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Politics

Federal infrastructure bill includes nearly $3 billion for South Dakota

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SDPB

The attached audio is from SDPB's daily public-affairs show, In the Moment.

Congress has approved President Joe Biden’s $1.2 trillion infrastructure bill.

Now it’s time to spend the money.

South Dakota is set to receive about $2.8 billion from the bill. The nine tribes within the state’s borders will also receive money.

The money includes funding for dams, water projects, electric vehicle charging stations, broadband, lead-pipe replacement and more.

South Dakota’s congressional delegation did not support the bill. They said it’s too expensive.

The nonpartisan Congressional Budget Office says the bill will add $256 billion to the deficit over the next 10 years.

But the bill has support from business and Native American groups that say it's important for public safety and will also benefit the economy.

“This bill funds all types of infrastructure, all types of fiscal infrastructure that you need to handle an influx of people and growing communities," said Toby Crow, who works for the Associated General Contractors of South Dakota.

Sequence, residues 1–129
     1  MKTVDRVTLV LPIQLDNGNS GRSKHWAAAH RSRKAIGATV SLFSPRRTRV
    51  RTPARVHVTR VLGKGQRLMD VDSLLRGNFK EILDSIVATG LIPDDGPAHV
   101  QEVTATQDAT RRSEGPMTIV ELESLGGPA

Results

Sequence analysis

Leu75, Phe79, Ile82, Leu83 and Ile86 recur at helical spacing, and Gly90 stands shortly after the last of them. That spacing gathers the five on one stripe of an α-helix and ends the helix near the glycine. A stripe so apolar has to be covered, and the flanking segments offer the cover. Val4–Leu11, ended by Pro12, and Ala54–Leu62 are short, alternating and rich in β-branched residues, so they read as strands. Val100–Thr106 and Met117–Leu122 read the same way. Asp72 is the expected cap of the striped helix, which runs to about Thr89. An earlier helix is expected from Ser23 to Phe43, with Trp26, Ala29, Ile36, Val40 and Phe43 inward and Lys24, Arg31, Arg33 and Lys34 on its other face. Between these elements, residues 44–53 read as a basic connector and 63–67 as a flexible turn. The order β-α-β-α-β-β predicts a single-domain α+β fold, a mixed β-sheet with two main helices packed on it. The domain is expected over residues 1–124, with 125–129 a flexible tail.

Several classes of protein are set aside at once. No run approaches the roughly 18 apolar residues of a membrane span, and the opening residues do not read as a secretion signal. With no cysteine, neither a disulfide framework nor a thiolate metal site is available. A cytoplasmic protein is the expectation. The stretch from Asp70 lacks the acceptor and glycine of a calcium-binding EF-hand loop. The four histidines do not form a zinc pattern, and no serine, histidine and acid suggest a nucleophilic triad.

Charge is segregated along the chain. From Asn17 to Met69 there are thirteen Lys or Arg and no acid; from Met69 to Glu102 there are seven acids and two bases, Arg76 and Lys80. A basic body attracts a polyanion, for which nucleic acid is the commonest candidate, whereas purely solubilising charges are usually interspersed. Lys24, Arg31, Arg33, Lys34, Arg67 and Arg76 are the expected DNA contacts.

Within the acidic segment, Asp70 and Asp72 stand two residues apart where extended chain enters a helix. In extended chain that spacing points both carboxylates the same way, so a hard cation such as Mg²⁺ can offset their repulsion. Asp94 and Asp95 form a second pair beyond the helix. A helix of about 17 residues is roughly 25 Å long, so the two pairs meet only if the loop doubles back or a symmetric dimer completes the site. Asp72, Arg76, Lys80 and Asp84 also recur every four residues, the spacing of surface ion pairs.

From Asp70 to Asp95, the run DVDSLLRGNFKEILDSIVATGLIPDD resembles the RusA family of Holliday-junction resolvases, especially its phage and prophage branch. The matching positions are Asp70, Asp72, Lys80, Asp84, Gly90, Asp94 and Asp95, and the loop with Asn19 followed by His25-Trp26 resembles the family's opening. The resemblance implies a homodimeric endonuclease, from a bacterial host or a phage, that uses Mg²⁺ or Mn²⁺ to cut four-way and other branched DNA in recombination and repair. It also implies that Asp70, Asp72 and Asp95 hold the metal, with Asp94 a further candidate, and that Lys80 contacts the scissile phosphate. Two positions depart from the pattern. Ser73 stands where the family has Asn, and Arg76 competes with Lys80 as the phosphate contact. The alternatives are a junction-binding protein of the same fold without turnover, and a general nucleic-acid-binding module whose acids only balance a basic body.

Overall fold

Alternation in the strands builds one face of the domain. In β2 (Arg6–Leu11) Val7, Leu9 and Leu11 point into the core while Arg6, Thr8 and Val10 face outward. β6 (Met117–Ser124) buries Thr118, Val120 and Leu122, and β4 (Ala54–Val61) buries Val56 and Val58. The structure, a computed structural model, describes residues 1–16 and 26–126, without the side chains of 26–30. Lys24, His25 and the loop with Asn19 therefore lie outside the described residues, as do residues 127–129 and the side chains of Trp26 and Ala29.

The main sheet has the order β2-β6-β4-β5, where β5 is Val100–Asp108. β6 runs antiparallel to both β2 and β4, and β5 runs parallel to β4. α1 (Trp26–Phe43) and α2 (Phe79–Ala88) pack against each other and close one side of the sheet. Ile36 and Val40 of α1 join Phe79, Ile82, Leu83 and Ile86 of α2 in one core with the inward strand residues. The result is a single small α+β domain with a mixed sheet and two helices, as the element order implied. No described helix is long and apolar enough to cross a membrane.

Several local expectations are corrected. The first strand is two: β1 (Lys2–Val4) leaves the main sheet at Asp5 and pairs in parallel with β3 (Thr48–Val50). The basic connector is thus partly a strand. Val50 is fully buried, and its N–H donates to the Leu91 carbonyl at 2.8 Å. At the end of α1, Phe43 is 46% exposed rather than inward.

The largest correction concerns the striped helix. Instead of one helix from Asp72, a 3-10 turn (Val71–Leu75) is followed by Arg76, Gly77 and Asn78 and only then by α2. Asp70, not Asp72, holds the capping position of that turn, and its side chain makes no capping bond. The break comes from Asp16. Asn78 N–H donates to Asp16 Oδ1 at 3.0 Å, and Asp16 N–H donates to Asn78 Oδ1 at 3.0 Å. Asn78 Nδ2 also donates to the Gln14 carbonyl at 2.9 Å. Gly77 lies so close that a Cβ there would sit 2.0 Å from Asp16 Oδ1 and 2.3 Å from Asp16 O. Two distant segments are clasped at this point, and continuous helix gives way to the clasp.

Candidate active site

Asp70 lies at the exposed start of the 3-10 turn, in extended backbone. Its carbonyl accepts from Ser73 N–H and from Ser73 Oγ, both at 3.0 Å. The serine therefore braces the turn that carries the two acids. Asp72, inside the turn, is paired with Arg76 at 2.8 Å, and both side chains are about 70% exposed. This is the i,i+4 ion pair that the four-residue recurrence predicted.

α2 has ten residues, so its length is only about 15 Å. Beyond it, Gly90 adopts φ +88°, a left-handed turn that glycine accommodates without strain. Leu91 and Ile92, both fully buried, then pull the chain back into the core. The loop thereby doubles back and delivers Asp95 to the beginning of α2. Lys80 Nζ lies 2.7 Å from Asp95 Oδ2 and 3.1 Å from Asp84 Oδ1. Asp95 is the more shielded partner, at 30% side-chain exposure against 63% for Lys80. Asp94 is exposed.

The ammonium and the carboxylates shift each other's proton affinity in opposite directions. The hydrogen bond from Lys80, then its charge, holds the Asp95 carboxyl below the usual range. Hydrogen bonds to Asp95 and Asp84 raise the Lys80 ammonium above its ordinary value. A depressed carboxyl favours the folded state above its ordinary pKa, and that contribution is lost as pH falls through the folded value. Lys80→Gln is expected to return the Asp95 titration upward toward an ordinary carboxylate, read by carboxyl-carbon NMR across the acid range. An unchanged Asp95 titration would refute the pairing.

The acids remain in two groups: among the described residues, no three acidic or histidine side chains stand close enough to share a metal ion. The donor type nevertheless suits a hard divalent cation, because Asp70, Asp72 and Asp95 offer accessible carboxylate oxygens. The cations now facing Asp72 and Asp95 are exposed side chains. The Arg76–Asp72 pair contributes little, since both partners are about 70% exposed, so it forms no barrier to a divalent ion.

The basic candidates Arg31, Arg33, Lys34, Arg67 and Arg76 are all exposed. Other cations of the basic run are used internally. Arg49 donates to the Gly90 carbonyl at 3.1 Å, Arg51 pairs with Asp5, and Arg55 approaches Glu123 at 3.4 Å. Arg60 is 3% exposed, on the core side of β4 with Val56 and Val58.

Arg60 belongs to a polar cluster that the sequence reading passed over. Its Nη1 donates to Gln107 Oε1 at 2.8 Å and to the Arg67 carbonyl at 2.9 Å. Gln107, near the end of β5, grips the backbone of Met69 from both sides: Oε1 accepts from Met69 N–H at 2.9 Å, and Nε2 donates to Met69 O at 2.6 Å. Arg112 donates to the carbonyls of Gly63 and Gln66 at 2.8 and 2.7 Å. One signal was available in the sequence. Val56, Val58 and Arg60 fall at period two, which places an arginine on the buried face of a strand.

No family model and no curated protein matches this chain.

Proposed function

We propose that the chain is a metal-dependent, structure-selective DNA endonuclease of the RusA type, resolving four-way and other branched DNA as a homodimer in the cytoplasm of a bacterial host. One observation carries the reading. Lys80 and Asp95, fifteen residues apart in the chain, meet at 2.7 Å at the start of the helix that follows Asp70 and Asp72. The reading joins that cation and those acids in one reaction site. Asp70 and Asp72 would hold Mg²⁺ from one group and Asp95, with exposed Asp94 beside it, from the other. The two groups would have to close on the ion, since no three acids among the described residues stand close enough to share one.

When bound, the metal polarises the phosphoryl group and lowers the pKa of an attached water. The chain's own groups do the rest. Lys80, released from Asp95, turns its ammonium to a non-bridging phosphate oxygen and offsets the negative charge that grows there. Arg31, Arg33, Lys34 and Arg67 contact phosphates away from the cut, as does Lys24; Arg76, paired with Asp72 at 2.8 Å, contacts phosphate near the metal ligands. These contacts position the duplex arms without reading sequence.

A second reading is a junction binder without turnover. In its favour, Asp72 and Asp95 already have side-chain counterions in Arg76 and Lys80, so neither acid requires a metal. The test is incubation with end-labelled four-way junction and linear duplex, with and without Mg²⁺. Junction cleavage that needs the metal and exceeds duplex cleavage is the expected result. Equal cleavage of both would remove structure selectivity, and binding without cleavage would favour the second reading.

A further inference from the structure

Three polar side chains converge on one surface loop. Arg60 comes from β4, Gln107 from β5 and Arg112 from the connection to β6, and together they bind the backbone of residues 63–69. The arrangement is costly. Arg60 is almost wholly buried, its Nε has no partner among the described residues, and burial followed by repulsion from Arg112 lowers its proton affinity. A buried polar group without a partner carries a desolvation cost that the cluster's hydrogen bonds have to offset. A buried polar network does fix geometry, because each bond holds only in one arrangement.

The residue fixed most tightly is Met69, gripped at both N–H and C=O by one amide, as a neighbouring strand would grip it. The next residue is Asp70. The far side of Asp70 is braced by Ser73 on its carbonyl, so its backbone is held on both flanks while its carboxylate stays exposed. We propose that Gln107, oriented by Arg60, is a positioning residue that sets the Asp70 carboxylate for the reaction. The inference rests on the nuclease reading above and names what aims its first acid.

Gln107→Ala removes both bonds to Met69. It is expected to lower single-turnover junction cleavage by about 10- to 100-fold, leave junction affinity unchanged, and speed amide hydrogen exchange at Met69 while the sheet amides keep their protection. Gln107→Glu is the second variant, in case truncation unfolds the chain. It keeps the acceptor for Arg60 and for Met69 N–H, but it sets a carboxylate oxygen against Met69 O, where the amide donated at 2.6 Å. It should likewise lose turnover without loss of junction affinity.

Crow said the bill will also create construction jobs that pay well and don’t require higher education.

South Dakota reservations are some of the largest in the country, said Gay Kingman, executive director of the Great Plains Tribal Chairmen’s Association. That means they have big infrastructure needs.

Kingman said an accident two years ago on the Standing Rock Reservation in North Dakota exposed those needs.

“A nurse and a mailman were going to Standing Rock to work, and they didn’t know the culvert had washed out in the middle of the night," she said.

Trudy Peterson and Jim VanderWal, both of South Dakota, died on the road that had been flagged for repair seven years earlier.

The infrastructure money is being allocated to various federal agencies. Some will be distributed to states and tribes through existing programs. Others will be available through grants and loans.

The governor’s office says it’s too early to discuss funding priorities.